The Canadian guideline for the maximum allowable concentration of lead in drinking water is 0.010 milligrams per litre, or 10 parts per billion. However Health Canada, the World Health Organization, the Centers for Disease Control and Prevention in Atlanta, and other toxicity experts say that no amount of lead consumption is considered safe.
Health Canada's 2013 report “Final Human Health State of the Science Report on Lead” found that although the blood-lead levels of Canadians have declined over the past 30 years, severe health effects are occurring below the current Canadian maximum allowable concentration for consumption. The study indicates, “Additional measures to further reduce lead exposure among Canadians are warranted”.
Even small amounts of lead can have negative impacts on the brain, kidneys, and bones, with an increased risk of developing kidney disease, anemia, and osteoporosis. In adults, lead exposure can also result in high blood pressure and hypertension.
However, children under the age of six, especially newborn babies, incur the highest risks, as scientific research shows lead exposure measurably lowers IQ scores and is linked to behavioural issues such as delinquency and criminality. Newborn babies are particularly at risk due to the effects of lead consumption on brain development. If lead is present in a family's home, the lead intake in drinking water accounts for 10% to 20% of the infant's intake of lead, and in the case of infants feeding on formula, the lead intake rises approximately 40% to 60%.
In most cases, parents are likely unaware lead consumption and its effects are even occurring. Blood-lead concentrations, even below current Health Canada maximum acceptable concentrations, can diminish the volume of the developing brain. Bruce Lanphear, toxicity expert and professor at Simon Fraser University, has stated the two major types of behavioural problems linked to a damaged prefrontal cortex are anti-social behaviour, which can lead to criminal activity, and attention deficit disorder.
Various provincial acts set testing standards to measure chemicals in drinking water. In Ontario, the maximum allowable concentration for lead is the same as the Canadian standard at 10 milligrams per litre. Ontario's legislation also makes it mandatory for older day care centres and schools to be tested, but unfortunately, testing legislation is not the same in every province. In May 2016, British Columbia instated annual water quality testing for schools across the province when elevated levels of lead were recently found in four schools in Prince Rupert.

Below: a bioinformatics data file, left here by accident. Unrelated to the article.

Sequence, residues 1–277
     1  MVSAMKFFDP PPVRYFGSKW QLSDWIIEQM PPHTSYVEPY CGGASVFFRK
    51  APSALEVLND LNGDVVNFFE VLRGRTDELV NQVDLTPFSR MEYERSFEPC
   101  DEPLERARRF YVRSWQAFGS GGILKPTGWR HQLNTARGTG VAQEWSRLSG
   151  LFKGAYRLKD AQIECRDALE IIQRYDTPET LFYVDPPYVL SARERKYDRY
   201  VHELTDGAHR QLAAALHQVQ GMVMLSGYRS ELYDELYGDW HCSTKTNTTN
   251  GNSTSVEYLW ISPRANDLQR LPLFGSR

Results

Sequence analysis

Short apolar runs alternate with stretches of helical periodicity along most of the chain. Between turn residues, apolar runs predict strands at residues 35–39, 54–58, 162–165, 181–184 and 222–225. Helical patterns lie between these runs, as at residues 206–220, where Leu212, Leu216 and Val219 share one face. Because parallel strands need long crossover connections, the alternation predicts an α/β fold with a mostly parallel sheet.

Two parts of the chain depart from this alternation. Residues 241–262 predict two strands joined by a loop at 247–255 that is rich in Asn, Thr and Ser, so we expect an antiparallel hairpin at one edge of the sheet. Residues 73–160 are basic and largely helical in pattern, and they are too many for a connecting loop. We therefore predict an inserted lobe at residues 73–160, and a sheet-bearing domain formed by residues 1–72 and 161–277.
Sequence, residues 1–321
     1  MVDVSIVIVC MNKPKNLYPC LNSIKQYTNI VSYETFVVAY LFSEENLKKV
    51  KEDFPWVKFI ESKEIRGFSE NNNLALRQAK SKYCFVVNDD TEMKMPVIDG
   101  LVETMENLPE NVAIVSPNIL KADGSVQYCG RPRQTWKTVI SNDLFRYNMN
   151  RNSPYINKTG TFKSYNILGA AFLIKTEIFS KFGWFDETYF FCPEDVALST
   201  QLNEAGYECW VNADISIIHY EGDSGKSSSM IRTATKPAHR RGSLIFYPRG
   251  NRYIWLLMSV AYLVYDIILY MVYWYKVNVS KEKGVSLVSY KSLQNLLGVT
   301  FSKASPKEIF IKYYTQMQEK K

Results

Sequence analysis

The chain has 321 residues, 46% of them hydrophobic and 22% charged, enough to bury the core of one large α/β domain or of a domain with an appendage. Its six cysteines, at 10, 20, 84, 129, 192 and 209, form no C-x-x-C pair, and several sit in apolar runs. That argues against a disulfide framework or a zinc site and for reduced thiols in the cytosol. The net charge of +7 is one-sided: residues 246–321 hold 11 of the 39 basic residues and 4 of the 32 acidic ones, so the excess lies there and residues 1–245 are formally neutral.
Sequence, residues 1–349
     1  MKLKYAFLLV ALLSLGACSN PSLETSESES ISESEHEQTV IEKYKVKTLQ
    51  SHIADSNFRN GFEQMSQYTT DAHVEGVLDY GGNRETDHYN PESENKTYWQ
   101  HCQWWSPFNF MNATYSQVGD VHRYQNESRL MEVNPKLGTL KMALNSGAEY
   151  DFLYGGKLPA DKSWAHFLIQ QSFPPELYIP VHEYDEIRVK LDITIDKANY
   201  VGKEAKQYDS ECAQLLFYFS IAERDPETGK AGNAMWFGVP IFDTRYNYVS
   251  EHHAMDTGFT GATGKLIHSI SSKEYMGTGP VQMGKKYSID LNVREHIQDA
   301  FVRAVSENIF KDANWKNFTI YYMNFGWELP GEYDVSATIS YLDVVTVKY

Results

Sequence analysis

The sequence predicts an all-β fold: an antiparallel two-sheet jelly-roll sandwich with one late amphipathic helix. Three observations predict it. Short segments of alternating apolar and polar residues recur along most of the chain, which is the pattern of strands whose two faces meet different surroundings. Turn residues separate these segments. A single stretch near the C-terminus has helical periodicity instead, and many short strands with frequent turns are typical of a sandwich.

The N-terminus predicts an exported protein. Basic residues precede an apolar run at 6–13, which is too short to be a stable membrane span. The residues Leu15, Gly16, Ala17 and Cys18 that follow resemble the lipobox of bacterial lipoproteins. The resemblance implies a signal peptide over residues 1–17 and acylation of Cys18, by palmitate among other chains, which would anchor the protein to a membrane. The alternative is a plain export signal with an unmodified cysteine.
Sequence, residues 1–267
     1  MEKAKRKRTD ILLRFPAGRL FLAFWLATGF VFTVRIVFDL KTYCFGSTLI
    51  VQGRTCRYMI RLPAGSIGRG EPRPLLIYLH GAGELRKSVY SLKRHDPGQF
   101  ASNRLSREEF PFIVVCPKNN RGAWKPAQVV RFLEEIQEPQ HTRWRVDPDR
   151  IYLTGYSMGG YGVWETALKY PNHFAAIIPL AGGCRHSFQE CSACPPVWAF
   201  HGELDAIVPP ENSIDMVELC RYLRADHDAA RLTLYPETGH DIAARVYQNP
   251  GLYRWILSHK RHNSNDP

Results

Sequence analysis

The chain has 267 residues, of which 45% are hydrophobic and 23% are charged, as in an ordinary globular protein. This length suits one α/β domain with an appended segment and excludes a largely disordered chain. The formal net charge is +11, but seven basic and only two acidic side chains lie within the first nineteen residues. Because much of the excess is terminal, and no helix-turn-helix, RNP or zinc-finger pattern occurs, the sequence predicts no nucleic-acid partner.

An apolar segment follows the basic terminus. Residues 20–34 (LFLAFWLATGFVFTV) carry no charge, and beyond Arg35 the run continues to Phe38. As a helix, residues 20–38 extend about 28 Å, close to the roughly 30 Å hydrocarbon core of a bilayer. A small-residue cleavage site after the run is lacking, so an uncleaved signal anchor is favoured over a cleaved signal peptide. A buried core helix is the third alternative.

Toxicity experts such as Bruce Lanphear argue Canada is still far behind the United States when it comes to tracking lead levels and legislating safe conditions. For instance, blood tests that determine lead levels in citizens are routine in the United States, but rarely used across Canada. It's worth repeating, no level is considered safe and the effects are irreversible.
Understanding this evidence, our country needs to improve its communications strategy to ensure its citizens and elected officials understand the dangers of lead exposure and are aware of the importance of solutions for eliminating lead lines and lead concentrations.
Toxicity experts recommend two solutions for reducing lead in drinking water. The first solution is to encourage home and building owners to get rid of their lead service lines. As an example of this, the City of Hamilton has a lead pipe service replacement program, which offers a low-interest loan to home and building owners for replacing their lead pipes. This started when I was a downtown city councillor, and requested that more tests be done in older, high-needs neighbourhoods.
The response I received was surprising. I was asked how much I wanted to spend because the more they test the more they would find. I replied that we should then test the blood of the children in those neighbourhoods. Over 700 children were tested, and 28% of them had higher than acceptable blood-lead levels.
The next step was to make it possible for residents to affordably remove the lead service lines on their property. A special low-interest loan program was started in 2010. That has given families of modest incomes the ability to get rid of their lead service lines. Hamilton had already begun a program to remove and replace lead pipes in 1993, which was prior to the loan program. As of October this year, we have replaced over 10,000 lead lines.